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Recently the Latin American Shadow Financial Regulatory Committee (CLAAF), over which I preside, held its bi-annual meeting at CGD and issued its 24th statement. Among the CLAAF members that participated were several renowned economists, including Guillermo Calvo, Carmen Reinhart, Pablo Guidotti, Guillermo Ortiz and Roque Fernandez.
Last weekend’s communiqué from the G-20 finance ministers is a first step to bridge the divide in the ongoing currency wars. I find both hope and disappointment in the Communiqué. It is very positive that the G-20 ministers have called for the IMF to help identify countries with policies leading to large and unsustainable imbalances. This is a step in the right direction, although no specific quantitative indicators have yet been advanced.
This is a joint post with Benjamin Leo.
A special new lending facility was announced in July 2009 with the objective of providing up to $17 billion in new loans through 2014 and, to entice cash-strapped borrowers, the lender is waiving interest payments for the first two years. This may sound like dangerous new short-term teaser offers for sub-prime borrowers. But this isn’t coming from Countrywide Financial. It actually is a new IMF facility for low-income countries, including some of heavily indebted poor countries (HIPCs) who are just barely coming out of the last debt crisis.
The stated objectives of the new IMF facility are laudable: to offset the effects of the global economic crisis by boosting international reserves and supporting adjustment policies. And yes, the overall terms are more concessional than past IMF loans. Nonetheless, the net impact on national debt levels may be significant. And it was just four years ago that the IMF committed to cancel roughly $6 billion in bad loans to many of these very same countries.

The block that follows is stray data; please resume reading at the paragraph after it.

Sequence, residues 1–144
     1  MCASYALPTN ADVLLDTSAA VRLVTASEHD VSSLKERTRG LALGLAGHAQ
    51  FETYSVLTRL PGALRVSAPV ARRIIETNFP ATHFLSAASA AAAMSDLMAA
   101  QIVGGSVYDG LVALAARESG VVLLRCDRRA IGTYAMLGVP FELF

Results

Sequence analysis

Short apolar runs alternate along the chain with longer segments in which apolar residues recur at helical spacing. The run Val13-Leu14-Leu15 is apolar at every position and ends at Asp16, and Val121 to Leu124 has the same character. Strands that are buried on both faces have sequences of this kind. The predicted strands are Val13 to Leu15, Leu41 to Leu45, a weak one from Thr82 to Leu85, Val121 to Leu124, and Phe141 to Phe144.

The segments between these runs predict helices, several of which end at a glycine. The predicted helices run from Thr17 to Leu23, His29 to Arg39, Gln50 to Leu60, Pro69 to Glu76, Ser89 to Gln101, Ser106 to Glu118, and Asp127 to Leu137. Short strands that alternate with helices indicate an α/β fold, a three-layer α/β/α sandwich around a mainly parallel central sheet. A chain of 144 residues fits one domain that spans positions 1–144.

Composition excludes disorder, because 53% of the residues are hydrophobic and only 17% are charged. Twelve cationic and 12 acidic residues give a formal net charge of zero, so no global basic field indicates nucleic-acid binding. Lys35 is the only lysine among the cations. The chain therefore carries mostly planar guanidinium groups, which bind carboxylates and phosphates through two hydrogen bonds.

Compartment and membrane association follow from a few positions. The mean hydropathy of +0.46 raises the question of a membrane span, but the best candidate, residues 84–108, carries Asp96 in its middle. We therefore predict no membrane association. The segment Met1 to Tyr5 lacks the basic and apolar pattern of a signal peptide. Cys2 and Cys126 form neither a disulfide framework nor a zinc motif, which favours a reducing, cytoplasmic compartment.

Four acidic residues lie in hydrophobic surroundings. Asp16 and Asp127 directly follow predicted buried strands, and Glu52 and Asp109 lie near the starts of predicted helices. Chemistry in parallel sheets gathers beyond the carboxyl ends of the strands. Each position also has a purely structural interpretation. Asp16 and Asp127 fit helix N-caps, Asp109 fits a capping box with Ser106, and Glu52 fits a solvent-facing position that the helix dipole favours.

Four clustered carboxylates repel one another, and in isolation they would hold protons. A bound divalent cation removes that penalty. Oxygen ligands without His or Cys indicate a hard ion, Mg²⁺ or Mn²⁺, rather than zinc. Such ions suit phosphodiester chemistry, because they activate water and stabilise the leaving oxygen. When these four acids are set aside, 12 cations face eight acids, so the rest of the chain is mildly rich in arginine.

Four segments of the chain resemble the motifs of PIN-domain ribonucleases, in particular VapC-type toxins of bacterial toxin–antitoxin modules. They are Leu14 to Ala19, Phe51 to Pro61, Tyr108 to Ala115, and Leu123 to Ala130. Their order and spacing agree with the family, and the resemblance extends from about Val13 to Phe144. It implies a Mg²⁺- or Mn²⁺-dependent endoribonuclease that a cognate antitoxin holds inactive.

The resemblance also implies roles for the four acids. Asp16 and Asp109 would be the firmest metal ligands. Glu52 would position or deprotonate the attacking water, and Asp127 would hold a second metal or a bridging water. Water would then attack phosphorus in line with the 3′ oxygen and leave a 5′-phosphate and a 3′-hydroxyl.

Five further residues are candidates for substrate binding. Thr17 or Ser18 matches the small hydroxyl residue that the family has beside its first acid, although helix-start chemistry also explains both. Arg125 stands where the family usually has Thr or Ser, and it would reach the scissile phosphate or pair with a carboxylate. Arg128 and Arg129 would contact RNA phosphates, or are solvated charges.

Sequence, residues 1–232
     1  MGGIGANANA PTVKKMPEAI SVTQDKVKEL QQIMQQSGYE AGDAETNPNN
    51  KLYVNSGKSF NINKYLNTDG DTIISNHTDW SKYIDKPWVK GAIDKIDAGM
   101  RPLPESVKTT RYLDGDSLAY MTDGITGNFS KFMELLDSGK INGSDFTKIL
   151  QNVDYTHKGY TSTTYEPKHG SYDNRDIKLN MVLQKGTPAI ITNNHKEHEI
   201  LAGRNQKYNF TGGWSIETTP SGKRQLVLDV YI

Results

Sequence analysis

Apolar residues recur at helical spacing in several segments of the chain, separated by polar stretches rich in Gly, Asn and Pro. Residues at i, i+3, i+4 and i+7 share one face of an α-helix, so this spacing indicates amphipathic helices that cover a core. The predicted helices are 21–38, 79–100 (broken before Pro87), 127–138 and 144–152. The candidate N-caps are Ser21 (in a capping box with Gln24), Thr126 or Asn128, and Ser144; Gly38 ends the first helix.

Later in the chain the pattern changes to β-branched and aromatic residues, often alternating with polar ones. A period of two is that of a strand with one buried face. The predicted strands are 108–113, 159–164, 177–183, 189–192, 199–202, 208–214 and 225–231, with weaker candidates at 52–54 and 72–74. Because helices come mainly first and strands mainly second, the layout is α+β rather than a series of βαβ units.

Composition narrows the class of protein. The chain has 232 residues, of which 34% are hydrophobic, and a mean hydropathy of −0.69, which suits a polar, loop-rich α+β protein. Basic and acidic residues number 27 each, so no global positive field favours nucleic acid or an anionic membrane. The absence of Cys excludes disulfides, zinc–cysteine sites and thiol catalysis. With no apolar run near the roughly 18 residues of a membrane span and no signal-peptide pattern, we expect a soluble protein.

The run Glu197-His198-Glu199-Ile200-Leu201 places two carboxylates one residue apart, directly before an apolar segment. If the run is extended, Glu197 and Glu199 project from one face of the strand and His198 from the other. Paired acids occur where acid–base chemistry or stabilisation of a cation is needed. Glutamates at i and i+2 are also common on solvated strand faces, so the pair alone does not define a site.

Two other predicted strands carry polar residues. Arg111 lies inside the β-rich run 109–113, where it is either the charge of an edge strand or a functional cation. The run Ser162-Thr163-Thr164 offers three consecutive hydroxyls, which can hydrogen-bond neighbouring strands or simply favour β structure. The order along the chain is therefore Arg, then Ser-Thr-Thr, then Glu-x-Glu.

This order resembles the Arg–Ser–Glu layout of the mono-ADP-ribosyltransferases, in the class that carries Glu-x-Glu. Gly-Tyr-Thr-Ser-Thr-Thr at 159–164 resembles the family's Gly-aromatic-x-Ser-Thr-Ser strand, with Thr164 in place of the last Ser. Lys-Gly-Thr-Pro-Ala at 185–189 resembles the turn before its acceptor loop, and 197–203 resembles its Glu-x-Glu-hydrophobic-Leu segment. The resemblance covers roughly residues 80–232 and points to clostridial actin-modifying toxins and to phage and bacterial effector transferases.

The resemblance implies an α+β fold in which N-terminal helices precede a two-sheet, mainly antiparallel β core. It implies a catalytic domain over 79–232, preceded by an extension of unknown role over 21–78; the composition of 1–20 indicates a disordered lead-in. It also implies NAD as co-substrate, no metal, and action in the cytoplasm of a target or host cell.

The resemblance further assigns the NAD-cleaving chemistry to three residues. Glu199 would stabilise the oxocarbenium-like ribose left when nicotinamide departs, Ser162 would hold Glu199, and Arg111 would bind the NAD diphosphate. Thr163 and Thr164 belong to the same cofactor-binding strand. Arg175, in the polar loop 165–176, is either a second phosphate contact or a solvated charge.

On Monday, October 5, IMF Managing Director Dominique Strauss-Kahn and Princess Maxima of the Netherlands, an international development advocate and the UN Special Advocate for Inclusive Finance for Development, launched the IMF’s new Access to Finance Project at
This post originally appeared in the Business Standard.
Wanted: An Asian Managing Director and new approaches to capital flows.
The IMF will strike a triumphalist tone at its forthcoming annual meetings in Istanbul. Some of this will be warranted because the IMF’s record in responding to the global financial crisis was commendable, even if its record leading up to it was less stellar (see http://www.iie.com/realtime/?p=942 for more details).
In testimony before the House Foreign Affairs Subcommittee on Terrorism, Nonproliferation and Trade last week, CGD president Nancy Birdsall argued that support for the G-20 commitments to increase lending resources at the IMF is a critical part of ensuring U.S. recovery from the economic crisis and global prosperity and security. She was, however, confronted with a host of concerns about whether multilateral lending would go to governments like Iran, Sudan, and Syria, and with one member of Congress’s view that he “is a citizen of the United States, not the world.”
If the commitments made last week by the heads of state at the G-20 meeting materialize quickly, this is good news indeed. The increase in available IMF and MDB resources for middle- and low-income countries, along with IMF’s announcement of a Flexible Credit Line which will allow countries to borrow amounts without pre-determined limits or conditionality, are crucial for helping these countries cope with the impact of the financial crisis.
Leaders from more than 20 major nations announced Thursday (see the Communiqué) that they would make available an additional $1 trillion through the International Monetary Fund and other institutions to help developing countries cope with the global economic crisis.